In March 2006, WAO in collaboration with the National Council of Women's Organisations, organised a press conference to officially launch the CEDAW (Convention on the Elimination of All Forms of Discrimination against Women) Shadow Report, prepared by a coalition of NGOs. In May 2006, the Malaysian Government was reviewed by the CEDAW Committee, which included three WAO representatives, at the United Nations’ 35th CEDAW session in New York.


WAO is a member of COMANGO, The Coalition of Malaysian NGOs, which was formed to engage with the Universal Periodic Review, a process of reviewing the human rights of a country established by the UN Human Rights Council in 2006. WAO was also involved in writing the COMANGO report for the Second Cycle of the Universal Periodic Review in 2013.[6]


WAO has been involved with several notable public awareness campaigns to highlight the issue of domestic violence.


WAO launched its national public education campaign #NoExcuseForAbuse on 8 March 2014, to highlight the issue of domestic violence. WAO wanted to challenge ideas that women who have suffered from domestic violence may use to justify the abuse without realising. The campaign aimed to target the early phases of domestic abuse and to reach out to women who were in potentially abusive relationships.

The campaign included the launch of an art exhibition that featured embroidered blouses, hand stitched with the thoughts that represent the voices of victim survivors. Each blouse featured words such as "It’s alright, he apologised. He said he’ll never do it again". The installation art was displayed in various locations in the Klang Valley, East Coast and East Sarawak.[7]

Another part of the campaign encouraged women to upload photos of themselves wearing #NoExcuseForAbuse T-shirts on social media. Notable figures who participated included politicians such as Hajah Nancy Shukri, Minister in the Prime Minister’s Department; YB Hannah Yeoh, Selangor Assembly Speaker; YB Nurul Izzah, MP for Lembah Pantai and YB Mas Ermieyati Samsudin, Puteri UMNO Chief.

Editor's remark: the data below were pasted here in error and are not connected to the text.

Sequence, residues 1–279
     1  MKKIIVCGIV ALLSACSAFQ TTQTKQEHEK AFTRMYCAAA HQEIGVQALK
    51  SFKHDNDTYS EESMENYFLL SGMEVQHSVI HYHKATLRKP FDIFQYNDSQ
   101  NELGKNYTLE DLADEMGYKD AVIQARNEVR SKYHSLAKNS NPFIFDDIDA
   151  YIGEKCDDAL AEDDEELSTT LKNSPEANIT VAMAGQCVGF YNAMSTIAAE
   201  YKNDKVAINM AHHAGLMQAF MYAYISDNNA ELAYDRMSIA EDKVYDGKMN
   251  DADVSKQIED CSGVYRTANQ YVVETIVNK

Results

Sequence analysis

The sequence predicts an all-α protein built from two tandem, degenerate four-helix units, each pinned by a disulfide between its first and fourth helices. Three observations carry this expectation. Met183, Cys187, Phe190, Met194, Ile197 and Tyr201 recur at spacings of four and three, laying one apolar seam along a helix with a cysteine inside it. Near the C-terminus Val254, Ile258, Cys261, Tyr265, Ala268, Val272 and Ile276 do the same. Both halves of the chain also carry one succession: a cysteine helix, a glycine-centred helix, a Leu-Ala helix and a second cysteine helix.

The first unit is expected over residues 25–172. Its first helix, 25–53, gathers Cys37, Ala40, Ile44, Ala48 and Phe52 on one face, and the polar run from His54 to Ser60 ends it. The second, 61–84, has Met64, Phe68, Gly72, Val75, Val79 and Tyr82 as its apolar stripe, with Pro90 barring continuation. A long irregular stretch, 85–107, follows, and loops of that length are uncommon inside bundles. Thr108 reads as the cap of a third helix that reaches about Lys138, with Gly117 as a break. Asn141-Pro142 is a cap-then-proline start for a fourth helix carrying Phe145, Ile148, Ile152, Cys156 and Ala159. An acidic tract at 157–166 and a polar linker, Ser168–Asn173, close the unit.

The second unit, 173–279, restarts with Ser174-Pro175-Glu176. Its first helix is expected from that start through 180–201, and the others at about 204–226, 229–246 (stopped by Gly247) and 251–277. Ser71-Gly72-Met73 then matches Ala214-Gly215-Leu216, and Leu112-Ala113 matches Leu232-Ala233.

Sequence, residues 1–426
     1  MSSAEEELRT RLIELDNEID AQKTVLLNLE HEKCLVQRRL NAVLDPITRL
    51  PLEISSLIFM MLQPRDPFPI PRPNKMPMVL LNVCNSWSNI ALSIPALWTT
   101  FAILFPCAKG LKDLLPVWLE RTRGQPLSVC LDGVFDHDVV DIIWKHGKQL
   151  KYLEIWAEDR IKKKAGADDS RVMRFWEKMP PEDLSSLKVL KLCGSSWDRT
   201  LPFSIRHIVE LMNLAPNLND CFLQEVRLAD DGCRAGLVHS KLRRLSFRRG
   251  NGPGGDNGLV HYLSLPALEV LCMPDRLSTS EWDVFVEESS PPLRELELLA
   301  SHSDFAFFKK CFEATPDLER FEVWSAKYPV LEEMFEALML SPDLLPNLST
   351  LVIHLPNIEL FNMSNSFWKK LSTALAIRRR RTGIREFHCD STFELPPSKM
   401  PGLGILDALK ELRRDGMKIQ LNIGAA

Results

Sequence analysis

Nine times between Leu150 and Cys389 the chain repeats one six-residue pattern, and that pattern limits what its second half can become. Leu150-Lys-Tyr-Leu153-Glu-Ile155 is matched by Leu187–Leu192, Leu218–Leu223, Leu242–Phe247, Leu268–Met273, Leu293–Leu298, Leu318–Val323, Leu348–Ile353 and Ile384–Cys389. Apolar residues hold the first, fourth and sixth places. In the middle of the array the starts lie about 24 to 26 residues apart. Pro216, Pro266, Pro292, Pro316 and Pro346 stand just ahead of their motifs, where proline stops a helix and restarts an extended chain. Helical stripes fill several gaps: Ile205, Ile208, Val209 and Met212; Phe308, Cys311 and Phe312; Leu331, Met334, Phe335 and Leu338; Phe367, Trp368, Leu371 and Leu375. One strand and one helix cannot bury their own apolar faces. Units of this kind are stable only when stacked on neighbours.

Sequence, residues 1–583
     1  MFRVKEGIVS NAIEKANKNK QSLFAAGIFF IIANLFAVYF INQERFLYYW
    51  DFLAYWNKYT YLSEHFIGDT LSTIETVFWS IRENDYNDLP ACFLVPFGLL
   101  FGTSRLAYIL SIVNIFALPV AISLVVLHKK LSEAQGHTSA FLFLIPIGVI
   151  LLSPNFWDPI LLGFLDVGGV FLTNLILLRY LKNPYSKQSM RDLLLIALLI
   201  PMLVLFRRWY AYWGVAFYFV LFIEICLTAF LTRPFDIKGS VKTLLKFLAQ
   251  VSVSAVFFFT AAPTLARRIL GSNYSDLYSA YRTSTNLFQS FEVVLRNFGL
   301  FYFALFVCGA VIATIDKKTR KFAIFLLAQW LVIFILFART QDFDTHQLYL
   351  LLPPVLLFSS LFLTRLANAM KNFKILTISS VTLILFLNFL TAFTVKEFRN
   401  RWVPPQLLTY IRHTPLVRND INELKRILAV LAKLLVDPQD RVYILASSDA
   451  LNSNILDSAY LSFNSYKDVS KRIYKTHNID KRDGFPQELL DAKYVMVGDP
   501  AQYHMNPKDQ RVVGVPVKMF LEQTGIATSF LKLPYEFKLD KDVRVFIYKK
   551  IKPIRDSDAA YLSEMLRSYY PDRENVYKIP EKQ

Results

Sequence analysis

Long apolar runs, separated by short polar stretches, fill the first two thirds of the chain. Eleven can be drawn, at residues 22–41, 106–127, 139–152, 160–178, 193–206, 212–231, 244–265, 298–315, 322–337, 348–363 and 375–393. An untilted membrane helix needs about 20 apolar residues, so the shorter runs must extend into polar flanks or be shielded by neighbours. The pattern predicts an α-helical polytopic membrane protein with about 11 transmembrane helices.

The third phase of the campaign focused on the launch of the SMS helpline, TINA. TINA is meant to represent a virtual friend, "Think I Need Aid", for victims to reach out to.[7]

V-Day: Love Should Be Unconditional[edit]

To mark Valentine's Day, 2014, WAO distributed roses as part of an awareness campaign to remind people that Love Should be Unconditional. The campaign focused on raising awareness about the Cycle of Abuse, specifically highlighting the behaviour of abusers who apologise, make promises and give gifts following incidents of abuse.[8]

1 Billion Rising[edit]

In February 2013, WAO partnered with The Body Shop to support 1 Billion Rising, a global campaign organised by V-Day calling for the end of violence against women and to promote gender equality for women worldwide. All The Body Shop stores in West Malaysia held flash mobs outside the stores, with staff members, NGOs and activists participating.[9]

See also[edit]


  1. ^ s. indramalar (27 February 2015). "Introducing Sumitra Visvanathan, the new executive director of WAO - People | The Star Online". Thestar.com.my. Retrieved 12 April 2017. 
  2. ^ "About Us - Women's Aid Organisation". Wao.org.my. Retrieved 12 April 2017. 
  3. ^ "Archived copy". Archived from the original on 17 March 2011. Retrieved 19 April 2011. 
  4. ^ "'TINA', the first SMS helpline for domestic abuse Survivors is in Town - Women's Aid Organisation". Wao.org.my. Retrieved 12 April 2017. 
  5. ^ "Archived copy". Archived from the original on 20 March 2011. Retrieved 19 April 2011. 
  6. ^ "Coalition of Malaysian NGOs in the UPR Process - Persatuan Kesedaran Komuniti Selangor". Empowermalaysia.org. Retrieved 12 April 2017. 
  7. ^ a b "#NoExcuseForAbuse - Women's Aid Organisation". Wao.org.my. Retrieved 12 April 2017. 
  8. ^ "V-Day: Love Should Be Unconditional". Facebook. 13 February 2014. Retrieved 12 April 2017. 
  9. ^ sheela chandran (7 February 2013). "United in one dance - Archive | The Star Online". Thestar.com.my. Retrieved 12 April 2017. 

External links[edit]